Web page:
Red moon of a lunar eclipse

Total lunar eclipse (Photo: Fred Espenak,

A break from solar eclipses, here’s a amazing picture of a lunae eclipse.

Unlike a total eclipse of the Sun, the Moon during a total lunar eclipse does not completely disappear as it passes through the umbra of the earth’s shadow. This is because of the refraction of sunlight by the Earth’s atmosphere into the cone of the shadow.

This renders the Moon a red colour because sunlight reaching the Moon first passes through the Earth’s atmosphere and becomes scattered.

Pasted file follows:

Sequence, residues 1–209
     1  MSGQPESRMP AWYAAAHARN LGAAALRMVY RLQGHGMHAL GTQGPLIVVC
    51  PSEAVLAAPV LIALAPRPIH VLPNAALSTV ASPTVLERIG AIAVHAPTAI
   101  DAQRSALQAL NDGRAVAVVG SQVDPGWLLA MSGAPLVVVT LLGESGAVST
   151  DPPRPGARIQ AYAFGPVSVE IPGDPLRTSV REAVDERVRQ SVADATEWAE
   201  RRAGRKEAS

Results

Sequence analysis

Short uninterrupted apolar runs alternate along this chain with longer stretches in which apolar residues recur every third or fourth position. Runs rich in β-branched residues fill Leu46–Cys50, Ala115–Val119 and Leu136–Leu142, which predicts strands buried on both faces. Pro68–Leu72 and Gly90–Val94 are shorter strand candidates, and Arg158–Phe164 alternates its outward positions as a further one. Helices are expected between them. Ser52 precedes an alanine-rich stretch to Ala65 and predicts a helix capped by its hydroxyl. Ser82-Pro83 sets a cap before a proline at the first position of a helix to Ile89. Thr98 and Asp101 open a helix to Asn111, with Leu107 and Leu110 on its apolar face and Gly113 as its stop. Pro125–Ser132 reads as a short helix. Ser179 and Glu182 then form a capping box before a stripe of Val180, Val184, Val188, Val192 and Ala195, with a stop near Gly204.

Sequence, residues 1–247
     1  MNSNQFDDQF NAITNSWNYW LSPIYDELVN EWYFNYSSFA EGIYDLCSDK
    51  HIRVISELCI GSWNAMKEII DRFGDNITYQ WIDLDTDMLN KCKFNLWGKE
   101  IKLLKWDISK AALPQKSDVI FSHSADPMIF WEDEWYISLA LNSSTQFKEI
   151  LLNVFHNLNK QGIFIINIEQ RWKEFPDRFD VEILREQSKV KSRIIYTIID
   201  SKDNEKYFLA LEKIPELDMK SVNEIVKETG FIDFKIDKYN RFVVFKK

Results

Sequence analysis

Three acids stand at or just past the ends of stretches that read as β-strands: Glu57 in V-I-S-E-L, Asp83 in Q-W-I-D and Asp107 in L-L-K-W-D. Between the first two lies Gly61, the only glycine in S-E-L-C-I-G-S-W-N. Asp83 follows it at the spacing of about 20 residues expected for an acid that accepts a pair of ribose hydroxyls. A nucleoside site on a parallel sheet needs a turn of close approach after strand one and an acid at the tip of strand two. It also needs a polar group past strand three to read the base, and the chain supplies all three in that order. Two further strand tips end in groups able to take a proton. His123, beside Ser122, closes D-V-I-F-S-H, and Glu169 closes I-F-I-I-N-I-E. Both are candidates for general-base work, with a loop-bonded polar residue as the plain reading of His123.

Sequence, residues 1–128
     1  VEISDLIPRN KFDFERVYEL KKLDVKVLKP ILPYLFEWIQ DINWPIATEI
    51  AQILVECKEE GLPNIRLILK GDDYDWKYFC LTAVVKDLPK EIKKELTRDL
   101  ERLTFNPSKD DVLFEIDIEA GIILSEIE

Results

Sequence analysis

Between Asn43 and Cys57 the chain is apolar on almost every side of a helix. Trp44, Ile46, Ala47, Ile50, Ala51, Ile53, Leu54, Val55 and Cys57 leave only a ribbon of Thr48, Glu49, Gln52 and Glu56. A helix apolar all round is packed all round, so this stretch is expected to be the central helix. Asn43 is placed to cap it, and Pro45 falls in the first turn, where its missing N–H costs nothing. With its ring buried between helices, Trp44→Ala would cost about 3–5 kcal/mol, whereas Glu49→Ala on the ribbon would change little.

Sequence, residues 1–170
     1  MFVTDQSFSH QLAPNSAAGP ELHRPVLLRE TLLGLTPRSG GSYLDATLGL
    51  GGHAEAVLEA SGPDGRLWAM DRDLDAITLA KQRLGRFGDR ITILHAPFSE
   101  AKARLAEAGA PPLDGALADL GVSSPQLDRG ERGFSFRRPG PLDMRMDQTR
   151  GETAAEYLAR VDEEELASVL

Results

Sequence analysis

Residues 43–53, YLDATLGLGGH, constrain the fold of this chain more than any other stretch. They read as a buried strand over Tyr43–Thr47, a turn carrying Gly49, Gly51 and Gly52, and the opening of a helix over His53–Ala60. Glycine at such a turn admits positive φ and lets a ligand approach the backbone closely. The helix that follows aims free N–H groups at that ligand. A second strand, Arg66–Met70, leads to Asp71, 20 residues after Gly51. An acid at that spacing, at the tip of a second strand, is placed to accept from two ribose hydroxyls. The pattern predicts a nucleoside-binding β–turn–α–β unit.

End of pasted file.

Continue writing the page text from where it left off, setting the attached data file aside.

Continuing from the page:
The short wavelengths are more likely to be scattered by the atmosphere and the particles in it. As such, longer wavelengths (the reds) dominate and continue to pass through. The resulting light we perceive is thus red.

It’s the same effect that causes sunsets and sunrises to turn the sky red. (If we were on the Moon watching the Earth, the Sun would appear to be setting/rising behind the Earth.)

The next partial eclipse of the Moon will occur on December 31, 2009. To see the next total eclipse of the Moon, you will have to wait until December 21, 2010. In the meantime, there’s the chart below which projects its path and appearance.

21 Dec 2010 (Photo: SockPuppet for TomRuen


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One Response to “Red moon of a lunar eclipse”

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